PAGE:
Christian Houle is an assistant professor of political science at Michigan State University. Professor Houle joined the department in 2013. Prior to that, he was assistant professor in the department of political science at Trinity College, Dublin, for three years. Professor Houle received his Ph.D. in political science from the University of Rochester in 2011, and his M.A. in economics from Queen’s University, Canada, in 2004. His main research and teaching interests focus on the comparative politics of developing countries. He is especially interested in topics related to democratization and democratic consolidation, economic development and income distribution.
His articles have been published or are forthcoming in International Organization, World Politics, Studies in Comparative International Development, Journal of Peace Research, International Interactions and Government and Opposition.
A Two-Step Theory and Test of Democratic Waves: Clustered Shocks and the Conditional Diffusion of Democracy, with Mark Andreas Kayser and Jun Xiang. Forthcoming. International Organization.
Inequality, Economic Development and Democratization, Forthcoming. Studies in Comparative International Development.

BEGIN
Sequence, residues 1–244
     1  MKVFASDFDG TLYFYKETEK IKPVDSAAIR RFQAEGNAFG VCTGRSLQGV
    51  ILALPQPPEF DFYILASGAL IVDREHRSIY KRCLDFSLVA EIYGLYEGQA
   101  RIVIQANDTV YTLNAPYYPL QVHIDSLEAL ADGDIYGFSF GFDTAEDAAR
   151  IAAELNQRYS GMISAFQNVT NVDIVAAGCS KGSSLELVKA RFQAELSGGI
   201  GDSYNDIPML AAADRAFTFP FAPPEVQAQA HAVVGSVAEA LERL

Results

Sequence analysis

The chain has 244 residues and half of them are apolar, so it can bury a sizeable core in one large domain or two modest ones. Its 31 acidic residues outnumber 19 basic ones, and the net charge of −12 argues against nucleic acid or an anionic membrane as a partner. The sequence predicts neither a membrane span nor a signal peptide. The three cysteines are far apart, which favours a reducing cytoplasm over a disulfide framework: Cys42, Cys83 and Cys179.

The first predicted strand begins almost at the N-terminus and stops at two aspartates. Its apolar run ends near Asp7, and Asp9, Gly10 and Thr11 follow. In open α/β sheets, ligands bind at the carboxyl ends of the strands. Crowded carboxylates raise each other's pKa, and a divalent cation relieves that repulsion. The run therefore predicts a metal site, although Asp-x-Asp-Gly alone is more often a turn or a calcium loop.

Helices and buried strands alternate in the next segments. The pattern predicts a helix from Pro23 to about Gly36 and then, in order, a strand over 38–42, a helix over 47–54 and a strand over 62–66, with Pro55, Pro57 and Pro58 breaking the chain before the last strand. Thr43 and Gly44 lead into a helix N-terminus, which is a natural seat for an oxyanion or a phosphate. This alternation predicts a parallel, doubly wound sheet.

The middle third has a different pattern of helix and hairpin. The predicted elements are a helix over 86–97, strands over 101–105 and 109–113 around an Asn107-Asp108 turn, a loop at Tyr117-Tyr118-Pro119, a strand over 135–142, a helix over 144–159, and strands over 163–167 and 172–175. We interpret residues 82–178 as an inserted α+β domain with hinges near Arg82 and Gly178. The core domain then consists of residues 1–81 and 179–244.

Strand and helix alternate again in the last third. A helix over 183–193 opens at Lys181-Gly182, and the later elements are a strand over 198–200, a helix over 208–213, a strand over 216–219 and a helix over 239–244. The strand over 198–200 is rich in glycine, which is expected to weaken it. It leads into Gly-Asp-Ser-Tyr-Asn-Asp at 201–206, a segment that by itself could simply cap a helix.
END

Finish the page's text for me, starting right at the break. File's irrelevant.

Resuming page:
Why Class Inequality Breeds Coups but Not Civil Wars. Forthcoming. Journal of Peace Research.
Do Civil Wars, Coups and Riots Have the Same Structural Determinants with Cristina Bodea and Ibrahim Elbadawi. Forthcoming. International Interactions.
The Political and Economic Consequences of Populist Rule in Latin America, with Paul Kenny. Forthcoming. Government and Opposition.
Does Inequality Harm Economic Development and Democracy? Accounting for Missing Values, Non-Comparable Observations and Endogeneity, Forthcoming. In Lancaster, Carol, and Nicolas van de Walle, eds. Oxford Handbook of Politics of Development. Oxford University Press.
Ethnic Inequality and the Dismantling of Democracy: A Global Analysis, 2015. World Politics 67(3): 469- 505.
Inequality and Democracy: Why Inequality Harms Consolidation but Does Not Affect Democratization, 2009. World Politics. 61(4): 589-622.